Who is the author of the stories? Where does creativity come from?

We all know that practice makes us better at whatever art form we aspire to. We all know that if you want to be a writer then you have to practice the craft, just as an actor needs to train, and a singer needs to rehearse, and an artist needs to get dirty.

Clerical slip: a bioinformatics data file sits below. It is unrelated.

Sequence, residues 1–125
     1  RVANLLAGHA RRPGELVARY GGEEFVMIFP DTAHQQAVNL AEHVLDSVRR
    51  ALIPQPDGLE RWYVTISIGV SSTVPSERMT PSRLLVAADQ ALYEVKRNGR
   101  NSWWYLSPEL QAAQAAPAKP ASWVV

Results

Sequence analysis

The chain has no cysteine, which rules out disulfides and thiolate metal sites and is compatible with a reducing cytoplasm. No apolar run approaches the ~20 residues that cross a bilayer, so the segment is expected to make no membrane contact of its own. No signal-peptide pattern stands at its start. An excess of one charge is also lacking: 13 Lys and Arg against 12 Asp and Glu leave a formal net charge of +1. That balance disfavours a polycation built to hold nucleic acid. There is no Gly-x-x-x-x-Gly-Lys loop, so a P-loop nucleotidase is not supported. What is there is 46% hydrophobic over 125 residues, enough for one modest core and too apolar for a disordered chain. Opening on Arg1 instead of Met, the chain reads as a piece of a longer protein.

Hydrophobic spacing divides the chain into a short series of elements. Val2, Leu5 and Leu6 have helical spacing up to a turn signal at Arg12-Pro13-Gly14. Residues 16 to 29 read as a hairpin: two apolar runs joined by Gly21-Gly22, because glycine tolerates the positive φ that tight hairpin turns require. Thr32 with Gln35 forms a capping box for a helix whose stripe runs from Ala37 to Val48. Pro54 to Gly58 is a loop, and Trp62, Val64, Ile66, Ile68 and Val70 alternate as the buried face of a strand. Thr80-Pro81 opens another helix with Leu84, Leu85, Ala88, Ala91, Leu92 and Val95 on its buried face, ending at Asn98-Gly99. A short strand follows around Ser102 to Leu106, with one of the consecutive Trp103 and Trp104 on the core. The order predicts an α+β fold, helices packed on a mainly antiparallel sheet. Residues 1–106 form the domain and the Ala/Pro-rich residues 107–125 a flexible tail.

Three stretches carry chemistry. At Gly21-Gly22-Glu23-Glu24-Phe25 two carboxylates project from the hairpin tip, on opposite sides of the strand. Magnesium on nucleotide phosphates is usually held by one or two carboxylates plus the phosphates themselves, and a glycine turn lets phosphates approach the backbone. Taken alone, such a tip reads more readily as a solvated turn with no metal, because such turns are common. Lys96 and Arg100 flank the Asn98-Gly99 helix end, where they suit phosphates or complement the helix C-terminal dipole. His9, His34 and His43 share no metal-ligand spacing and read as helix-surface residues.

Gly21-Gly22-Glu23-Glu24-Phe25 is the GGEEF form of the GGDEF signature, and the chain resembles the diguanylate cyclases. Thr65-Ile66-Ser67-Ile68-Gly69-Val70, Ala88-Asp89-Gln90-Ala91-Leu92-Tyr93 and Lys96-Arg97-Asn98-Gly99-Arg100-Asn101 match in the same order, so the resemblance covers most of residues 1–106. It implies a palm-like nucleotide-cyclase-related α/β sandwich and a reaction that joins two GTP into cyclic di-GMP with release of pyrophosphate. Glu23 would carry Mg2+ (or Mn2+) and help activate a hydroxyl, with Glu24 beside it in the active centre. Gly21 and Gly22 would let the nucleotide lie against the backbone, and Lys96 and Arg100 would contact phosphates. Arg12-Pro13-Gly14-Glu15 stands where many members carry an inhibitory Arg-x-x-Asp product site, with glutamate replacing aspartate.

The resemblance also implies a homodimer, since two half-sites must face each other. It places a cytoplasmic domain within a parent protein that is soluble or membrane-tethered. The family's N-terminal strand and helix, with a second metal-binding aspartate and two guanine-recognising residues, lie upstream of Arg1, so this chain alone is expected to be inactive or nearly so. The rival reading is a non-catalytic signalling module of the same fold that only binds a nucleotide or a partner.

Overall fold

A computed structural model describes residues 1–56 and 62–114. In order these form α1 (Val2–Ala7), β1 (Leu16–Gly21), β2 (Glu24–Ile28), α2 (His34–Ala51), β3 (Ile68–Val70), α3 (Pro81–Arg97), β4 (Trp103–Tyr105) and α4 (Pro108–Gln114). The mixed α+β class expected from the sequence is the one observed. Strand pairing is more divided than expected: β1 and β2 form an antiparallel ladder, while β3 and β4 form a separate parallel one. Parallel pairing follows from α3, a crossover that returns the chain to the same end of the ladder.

I think we also all know that hard work and practice isn’t enough. To truly become a great artist or a great writer, we need to have access to that mystical, spiritual, perhaps imaginary place of inspiration and imagination. We need to dive into the pool of shimmering fairy dust and submerge our bodies into the energy and power that comes when people create. I’ve felt it before, walking into a theatre on opening night, or into a classroom of young people  inspired by a creative project. The energy when creative people get together to create is palpable.  I imagine that on a level beyond our sight, the air fills with bright waves of color as ideas bounce around the room. These colors pour themselves into the creative pool, feeding it more energy so that it can grow and thrive. It is a powerful, beautiful, incredible place.